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Why shutter YouTube Leanback browser experience now?

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After nearly a decade, YouTube has decided to discontinue its browser-based Leanback experience. Why would the social giant do this when so many people still use a PC to stream TV? It is not exactly clear!

YouTube to discontinue Leanback experience

Variety reports that YouTube will retire the Leanback optimized version of its browser experience on October 2nd. The nine-year-old interface was born of the need to create a more TV-like viewing experience at a time when most people used their PC to watch online video. The original version simply played one video after another. It evolved over time into a full web browser HTML app.

YouTube Leanback experienceYouTube is retiring the web app version to focus on its many OS-specific app interfaces, according to Variety. A source quoted by Variety said that the social video giant never intended for the interface to be used from uncertified devices which do not fully support it all its functionality. Device manufacturers that could not license a YouTube app can include Leanback as a workaround.

However, many people have grown to rely upon Leanback. Those connecting a PC to a TV can use it to drive the experience from across the room. People without a TV can enjoy a TV-like experience from their PC.

After October 2nd, when people attempt to load Leanback, they will be redirected to the regular YouTube PC browser interface.

Why discontinue Leanback now?

Engagement and completion rates by screen typeThe use by unauthorized devices seems a weak excuse for shutting down Leanback. A much more likely explanation is that managers at YouTube want people to watch more on TV where they can be better monetized.

One of the primary focuses of YouTube has been to boost viewing on the television. Engagement and completion rates are much higher than on the PC. On connected TV (CTV,) average premium video playtime per unique viewer is over 70 minutes, and completion rates are over 80%. On the PC, playtime is 35 minutes, and completion rates are 75%. Simply put, better engagement means viewers will see more ads.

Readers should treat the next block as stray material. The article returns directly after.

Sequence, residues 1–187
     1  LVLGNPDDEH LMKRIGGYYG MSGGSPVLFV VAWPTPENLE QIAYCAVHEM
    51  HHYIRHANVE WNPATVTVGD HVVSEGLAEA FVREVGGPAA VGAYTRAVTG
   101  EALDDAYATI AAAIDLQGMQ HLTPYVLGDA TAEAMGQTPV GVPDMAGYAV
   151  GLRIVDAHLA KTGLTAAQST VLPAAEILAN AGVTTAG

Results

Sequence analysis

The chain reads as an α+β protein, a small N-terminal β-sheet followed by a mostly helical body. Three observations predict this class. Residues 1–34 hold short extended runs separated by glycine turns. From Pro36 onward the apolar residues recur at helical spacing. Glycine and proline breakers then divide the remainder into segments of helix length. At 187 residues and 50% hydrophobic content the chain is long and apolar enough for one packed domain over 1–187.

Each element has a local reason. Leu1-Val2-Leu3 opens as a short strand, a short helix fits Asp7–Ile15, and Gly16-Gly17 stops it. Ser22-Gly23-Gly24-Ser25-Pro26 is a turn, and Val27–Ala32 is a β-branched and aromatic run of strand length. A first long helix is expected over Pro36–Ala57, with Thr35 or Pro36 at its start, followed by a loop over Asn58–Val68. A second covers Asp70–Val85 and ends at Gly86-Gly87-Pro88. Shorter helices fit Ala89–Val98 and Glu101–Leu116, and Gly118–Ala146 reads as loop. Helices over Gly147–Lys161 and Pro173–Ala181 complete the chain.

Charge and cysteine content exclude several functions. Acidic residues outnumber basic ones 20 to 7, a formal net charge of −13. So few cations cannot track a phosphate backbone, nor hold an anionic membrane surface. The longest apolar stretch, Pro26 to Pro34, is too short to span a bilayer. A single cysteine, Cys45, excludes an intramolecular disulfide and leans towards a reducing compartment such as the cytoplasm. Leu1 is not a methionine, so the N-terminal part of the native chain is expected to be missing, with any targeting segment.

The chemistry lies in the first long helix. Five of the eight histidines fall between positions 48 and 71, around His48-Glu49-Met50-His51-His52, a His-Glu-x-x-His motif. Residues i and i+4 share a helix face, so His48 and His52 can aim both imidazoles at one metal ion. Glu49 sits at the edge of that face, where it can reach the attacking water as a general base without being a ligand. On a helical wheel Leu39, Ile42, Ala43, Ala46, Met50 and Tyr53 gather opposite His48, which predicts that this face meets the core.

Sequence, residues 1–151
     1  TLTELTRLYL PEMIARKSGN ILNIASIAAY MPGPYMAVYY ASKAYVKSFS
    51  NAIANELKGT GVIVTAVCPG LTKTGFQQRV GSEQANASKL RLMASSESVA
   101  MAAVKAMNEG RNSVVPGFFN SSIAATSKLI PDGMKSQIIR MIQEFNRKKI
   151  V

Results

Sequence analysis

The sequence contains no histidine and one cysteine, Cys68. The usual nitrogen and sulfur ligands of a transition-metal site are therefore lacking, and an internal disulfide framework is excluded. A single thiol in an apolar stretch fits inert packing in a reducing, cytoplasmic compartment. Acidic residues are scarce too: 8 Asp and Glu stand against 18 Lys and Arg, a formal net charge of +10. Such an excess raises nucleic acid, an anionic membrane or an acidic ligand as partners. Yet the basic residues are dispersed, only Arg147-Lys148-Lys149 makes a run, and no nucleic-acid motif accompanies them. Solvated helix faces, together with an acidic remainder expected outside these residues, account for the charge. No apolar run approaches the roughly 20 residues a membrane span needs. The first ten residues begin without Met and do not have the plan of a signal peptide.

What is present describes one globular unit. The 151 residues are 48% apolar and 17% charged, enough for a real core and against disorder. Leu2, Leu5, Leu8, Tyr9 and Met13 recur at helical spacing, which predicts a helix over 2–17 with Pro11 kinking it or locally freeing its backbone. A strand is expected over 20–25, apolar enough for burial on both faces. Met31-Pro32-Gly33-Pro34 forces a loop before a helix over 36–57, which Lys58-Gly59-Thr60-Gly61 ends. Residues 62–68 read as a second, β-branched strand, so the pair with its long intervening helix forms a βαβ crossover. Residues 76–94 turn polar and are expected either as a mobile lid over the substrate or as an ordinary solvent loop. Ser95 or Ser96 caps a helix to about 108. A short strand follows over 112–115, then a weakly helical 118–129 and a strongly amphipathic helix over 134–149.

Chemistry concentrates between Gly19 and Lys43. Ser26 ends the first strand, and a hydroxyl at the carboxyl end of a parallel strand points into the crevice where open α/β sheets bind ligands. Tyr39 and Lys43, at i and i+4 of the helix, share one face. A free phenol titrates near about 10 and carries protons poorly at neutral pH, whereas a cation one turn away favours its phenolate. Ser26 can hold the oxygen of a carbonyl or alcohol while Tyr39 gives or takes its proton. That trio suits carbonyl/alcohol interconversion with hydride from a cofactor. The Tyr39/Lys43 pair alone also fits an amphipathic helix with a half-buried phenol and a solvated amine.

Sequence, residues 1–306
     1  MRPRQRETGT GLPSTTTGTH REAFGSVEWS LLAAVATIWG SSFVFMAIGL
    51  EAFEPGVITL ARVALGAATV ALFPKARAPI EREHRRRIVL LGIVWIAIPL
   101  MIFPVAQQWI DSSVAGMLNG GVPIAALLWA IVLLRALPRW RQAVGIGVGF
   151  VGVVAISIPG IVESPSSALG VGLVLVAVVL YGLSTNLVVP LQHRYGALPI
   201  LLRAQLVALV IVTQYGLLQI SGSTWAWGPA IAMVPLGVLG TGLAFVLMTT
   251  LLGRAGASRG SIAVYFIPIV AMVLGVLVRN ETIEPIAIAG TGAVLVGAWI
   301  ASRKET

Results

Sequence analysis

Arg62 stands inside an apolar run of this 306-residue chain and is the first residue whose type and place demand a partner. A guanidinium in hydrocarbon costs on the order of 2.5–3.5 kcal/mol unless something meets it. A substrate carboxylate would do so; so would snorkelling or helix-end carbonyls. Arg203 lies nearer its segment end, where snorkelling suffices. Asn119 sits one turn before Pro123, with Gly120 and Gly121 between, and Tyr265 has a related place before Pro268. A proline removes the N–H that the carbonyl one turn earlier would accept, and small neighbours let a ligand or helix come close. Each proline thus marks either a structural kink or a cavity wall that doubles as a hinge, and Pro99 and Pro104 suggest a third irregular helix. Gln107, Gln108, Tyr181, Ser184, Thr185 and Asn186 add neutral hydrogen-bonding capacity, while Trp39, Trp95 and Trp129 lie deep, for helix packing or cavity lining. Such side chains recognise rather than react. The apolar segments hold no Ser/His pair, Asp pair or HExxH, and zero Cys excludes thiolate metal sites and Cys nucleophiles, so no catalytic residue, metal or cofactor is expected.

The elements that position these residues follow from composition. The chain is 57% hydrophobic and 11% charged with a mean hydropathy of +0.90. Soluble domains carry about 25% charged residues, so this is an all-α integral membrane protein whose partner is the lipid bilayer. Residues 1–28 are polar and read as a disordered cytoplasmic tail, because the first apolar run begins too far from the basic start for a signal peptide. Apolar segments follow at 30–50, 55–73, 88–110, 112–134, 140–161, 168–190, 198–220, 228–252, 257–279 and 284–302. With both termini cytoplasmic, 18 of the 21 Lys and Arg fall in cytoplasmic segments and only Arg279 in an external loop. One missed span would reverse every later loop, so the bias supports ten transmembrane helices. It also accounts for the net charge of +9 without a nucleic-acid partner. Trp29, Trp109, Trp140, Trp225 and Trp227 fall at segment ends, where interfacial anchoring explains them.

ad views by screen type Q1 2019Better engagement and completion rates have made CTV tops for online video ad consumption. According to Freewheel, 45% of ad views were from CTVs in Q1 2019, up 44% from the previous year. Just 11% of ad views came from PC viewers, a decrease of 16% from the previous year.

Google is helping YouTube in its quest to conquer television. Android TV on connected TV devices and operator set-top boxes feature YouTube content.

This data certainly seems to suggest that now is an excellent time to push the remaining PC users to transition to a connected TV. However, the move could alienate many YouTube users.

Discontinuing the PC lean-back experience is premature

Despite the decline in PC usage and dominance of connected TV, YouTube is premature in terminating the PC lean-back experience. In Europe, many people still use the PC to watch television. In Sweden, 21% of total TV viewing time is on PC, 18% in Germany, and 12% in the UK. What’s more, the PC is even more important for younger viewers. In the UK, 17% of total TV viewing time by 18-24-year-olds is via a PC.

The video streamers currently using their PC to watch TV certainly have other screens at their disposal. Of course, they can still use the YouTube web interface. However, Leanback is meant to emulate the TV experience. Switching viewers back to the web experience will likely result in shorter viewing times and lower completion rates, with the accompanying drop in ad revenue.

Maybe YouTube would be off promoting Leanback to PC TV viewers than shutting it off.

Why it matters

YouTube is discontinuing its browser-based Leanback experience on October 2nd.

The justification for shuttering Leanback is to curb unauthorized use.

However, many people still use their PC to watch TV, and YouTube could be better off promoting Leanback to them rather than shutting it down.

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